— DNews Space (@Discovery_Space) September 1, 2016
The SpaceX Falcon 9 rocket that exploded on the launch pad this morning while being prepared for a static fire test was scheduled to carry the Amos 6 communications satellite into orbit on Saturday for Spacecom of Israel. Amos 6 was destroyed in the explosion.
The spacecraft, built by Israel Aerospace Industries, would have provided broadcast and communications services from the U.S. coast to Europe, Africa and the Middle East.
In October 2015, Eutelsat and Facebook announced a $95 million deal to lease the satellite’s Ka-band spot-beam broadband capacity to provide communications services to Africa by Facebook’s Internet.org and a new Eutelsat subsidiary.
SpaceX says the rocket exploded while being prepared for a pre-launch static test during which the rocket engines are briefly fired to determine their readiness for launch. The cause is unknown at this time. A statement from SpaceX stated there was an anomaly on the launch pad. So, it is possible that there was a problem with ground equipment that led to the rocket exploding.
The planned launch would have been the 29th of the company’s Falcon 9 rocket. The launcher’s record stands at 26 successes, 1 failure and 1 partial failure. In June 2015, a Falcon 9 carrying a Dragon supply ship bound for the International Space Station failed in flight.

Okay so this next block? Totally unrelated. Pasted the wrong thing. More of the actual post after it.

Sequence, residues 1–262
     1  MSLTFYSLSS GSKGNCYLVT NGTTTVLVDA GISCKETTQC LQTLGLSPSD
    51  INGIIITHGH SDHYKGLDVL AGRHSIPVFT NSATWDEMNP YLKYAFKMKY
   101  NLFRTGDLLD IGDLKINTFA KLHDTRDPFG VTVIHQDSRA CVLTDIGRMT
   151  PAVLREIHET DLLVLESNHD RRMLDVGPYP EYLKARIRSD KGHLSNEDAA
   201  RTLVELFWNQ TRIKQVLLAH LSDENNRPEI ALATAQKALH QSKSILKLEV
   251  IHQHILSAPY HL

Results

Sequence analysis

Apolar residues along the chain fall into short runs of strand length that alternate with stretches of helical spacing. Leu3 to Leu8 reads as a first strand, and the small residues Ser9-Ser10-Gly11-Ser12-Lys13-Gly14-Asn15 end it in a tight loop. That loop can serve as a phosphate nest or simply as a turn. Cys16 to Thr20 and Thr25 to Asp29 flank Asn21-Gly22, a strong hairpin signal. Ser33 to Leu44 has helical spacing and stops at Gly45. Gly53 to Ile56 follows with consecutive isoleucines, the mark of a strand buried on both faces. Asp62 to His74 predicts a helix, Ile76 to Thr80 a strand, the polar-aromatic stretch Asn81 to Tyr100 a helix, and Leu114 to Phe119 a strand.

The failure occurred during a busy launch year for SpaceX. The company had successfully launched eight Falcon 9’s, the highest number it had achieved in any calendar year. In 2015, the company launched seven times, with six successes and one failure.
SpaceX officials said they had aimed to launch 18 times in 2016. One of those flights would have been the debut later this year of its Falcon Heavy booster, which is powered by three Falcon 9 first stages.
The Falcon 9 failure last year caused a six-month gap in flights. It also caused about a four-month delay in the completion of milestones for SpaceX commercial crew program, which is modifying the Dragon capsule and Falcon 9 booster to carry astronauts to the space station.